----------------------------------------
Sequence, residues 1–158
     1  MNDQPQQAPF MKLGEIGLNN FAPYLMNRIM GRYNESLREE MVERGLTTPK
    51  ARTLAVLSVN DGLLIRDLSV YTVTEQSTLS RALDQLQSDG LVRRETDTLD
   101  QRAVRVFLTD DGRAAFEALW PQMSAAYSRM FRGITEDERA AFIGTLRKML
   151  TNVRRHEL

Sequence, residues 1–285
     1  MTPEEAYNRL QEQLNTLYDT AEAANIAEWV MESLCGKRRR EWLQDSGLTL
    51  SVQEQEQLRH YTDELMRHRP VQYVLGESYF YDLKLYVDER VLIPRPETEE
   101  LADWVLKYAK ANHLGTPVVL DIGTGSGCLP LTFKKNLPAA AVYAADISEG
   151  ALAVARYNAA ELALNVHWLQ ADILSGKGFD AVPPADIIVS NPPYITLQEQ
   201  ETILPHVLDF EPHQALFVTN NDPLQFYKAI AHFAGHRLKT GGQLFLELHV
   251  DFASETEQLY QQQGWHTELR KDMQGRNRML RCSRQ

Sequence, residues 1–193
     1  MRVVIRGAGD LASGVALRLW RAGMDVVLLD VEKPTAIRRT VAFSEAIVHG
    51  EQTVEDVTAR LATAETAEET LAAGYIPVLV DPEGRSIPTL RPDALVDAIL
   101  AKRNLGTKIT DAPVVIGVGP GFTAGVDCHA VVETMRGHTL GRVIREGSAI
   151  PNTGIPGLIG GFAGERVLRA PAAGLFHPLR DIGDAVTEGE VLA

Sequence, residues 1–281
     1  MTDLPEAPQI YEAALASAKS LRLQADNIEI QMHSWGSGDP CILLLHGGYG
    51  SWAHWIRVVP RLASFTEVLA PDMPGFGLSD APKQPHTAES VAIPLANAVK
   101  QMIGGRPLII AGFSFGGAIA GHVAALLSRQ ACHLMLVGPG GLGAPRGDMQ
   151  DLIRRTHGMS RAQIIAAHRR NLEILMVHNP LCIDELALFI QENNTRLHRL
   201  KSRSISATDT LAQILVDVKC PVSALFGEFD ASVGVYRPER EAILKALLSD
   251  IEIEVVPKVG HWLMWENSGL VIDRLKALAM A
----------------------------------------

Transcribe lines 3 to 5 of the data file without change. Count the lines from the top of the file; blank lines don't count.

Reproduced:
    51  ARTLAVLSVN DGLLIRDLSV YTVTEQSTLS RALDQLQSDG LVRRETDTLD
   101  QRAVRVFLTD DGRAAFEALW PQMSAAYSRM FRGITEDERA AFIGTLRKML
   151  TNVRRHEL